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Get Out: J.P. Harris and the Tough Choices
✔ Pick of the Pack
Concert: J.P. Harris and the Tough Choices
At some point, every country music star sings a song about roughing it. Most of them are faking it; condescending to the roughnecks and hourly workers who faithfully buy their fictions. The increasing distance between the people who make country music and the people who live it has caused something of a crisis of authenticity for the genre. Enter J.P. Harris, who along with the Tough Choices, has been "resurrecting the ghosts of a time when real, hard core honky tonk ruled the airwaves; before the words 'pop' or 'new' ever met the word 'country.'" According to his autobiography, Mr. Harris left the ranch when he was 14, and has been roughing it ever since in "hobo jungles across the country" and, for the last few years, concert venues. His songs are gritty, sad and wryly funny. "This heart ain't broken, just badly bent/every time I try to straighten it out, I wind up drunk again" goes the chorus to "Badly Bent." His heart's condition notwithstanding, Mr. Harris' music beats strong.
J.P. Harris & the Tough Choices performs Sept. 11 at Hill Country, 410 7th St. NW
Author talk: Hanna Rosin on "The End of Men"
In the summer of 2010, writer Hanna Rosin uncovered a new world order: Men are no longer in charge. "Earlier this year, women became the majority of the workforce for the first time in U.S. history. Most managers are now women, too. And for every two men who get a college degree this year, three women will do the same." These data points led Ms. Rosin to wonder "if modern, post-industrial society is simply better suited to women." Ms. Rosin made her claim two years ago and has a book out now to buttress it, yet political operatives with their claims about a "war on women" seem not to have noticed. Ms. Rosin will talk more about the new world order with her husband and boss, Slate's David Plotz. Sept. 11 at Sixth & I Historic Synagogue, 600 I St. NW
Film Festival: DC Shorts
The D.C. Shorts Film Festival is now in its ninth year. For casual filmgoers, the festival can be a bit daunting. Unlike with festivals of feature-length films, D.C. Shorts groups its movies -- 140 in total, none longer than 20 minutes -- into 90-minute showcases. These showcases feature a mix of genres, and more importantly, a mix of quality. If you so love movies that you respect the amount of effort behind even the bad ones, this cinephile suggests choosing the showcase that fits your schedule rather than your tastes (even if the movies are bad, you'll get to hear directors talk about making them). If, on the other hand, you want guaranteed bangs for your bucks, wait for the Best Of showcases that come at the festival's end.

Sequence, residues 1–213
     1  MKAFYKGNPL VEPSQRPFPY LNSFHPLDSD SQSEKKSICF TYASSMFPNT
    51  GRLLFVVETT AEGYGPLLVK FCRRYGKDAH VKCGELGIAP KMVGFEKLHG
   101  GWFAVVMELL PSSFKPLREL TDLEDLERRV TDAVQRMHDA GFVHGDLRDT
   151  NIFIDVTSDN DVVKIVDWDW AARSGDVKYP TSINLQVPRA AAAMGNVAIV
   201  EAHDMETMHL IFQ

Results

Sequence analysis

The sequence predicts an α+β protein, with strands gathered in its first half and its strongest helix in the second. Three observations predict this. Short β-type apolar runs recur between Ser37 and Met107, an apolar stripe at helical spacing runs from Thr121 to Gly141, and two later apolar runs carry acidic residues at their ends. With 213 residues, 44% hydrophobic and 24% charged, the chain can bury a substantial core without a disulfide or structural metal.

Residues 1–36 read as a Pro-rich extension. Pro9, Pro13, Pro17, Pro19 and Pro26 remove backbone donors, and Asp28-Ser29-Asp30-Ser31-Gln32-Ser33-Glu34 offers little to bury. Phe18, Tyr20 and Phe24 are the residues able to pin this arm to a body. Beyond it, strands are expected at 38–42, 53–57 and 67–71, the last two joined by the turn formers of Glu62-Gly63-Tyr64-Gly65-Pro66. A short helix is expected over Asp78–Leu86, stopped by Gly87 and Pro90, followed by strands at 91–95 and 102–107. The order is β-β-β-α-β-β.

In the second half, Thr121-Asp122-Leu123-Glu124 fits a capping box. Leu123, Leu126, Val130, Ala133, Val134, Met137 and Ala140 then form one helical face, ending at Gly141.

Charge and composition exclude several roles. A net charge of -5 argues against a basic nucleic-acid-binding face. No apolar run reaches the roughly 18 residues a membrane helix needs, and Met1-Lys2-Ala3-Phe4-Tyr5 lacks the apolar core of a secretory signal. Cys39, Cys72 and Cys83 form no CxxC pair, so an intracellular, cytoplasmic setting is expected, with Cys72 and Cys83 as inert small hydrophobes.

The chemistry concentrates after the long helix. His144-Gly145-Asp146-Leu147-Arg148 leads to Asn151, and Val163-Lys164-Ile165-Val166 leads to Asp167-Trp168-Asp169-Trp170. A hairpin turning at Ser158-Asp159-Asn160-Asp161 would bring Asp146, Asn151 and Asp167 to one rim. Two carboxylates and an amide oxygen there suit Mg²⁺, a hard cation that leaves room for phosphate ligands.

To Sept. 16 at various locations throughout the District
For children: Cole Brothers Circus
William Washington Cole put on his first circus in 1884, calling it "W.W. Cole's New Colossal Show." At the time, Cole was competing with not just a few big names, but with hundreds -- if not thousands -- of traveling acts. When the advent of TV killed many circuses and forced the remaining, larger acts into arenas and other indoor spaces, Cole's circus continued to put on shows under a tent. More than a century later, it is not just the largest, but the only three-ring, big-top circus in the United States.
Sept. 7-9 at Virginia Academy, 19790 Ashburn Road, Ashburn, Va.
Comedy: Tommy Davidson
When discussing the city's native comic sons, Tommy Davidson gets far fewer mentions than Dave Chappelle. That may be because Mr. Davidson actually came up in Bethesda, but it's not because he lacks comedic chops. After dropping out of the University of the District of Columbia, Mr. Davidson helped start "In Living Color," one of the best sketch shows to ever host a studio audience. Since then, he's appeared in films ("Ace Ventura: When Nature Calls") and had several comedy specials. Mr. Davidson's bread and butter is impressions -- everybody from Al Jarreau to Rocky.
To Sept. 9 at the D.C. Improv, 1140 Connecticut Ave NW
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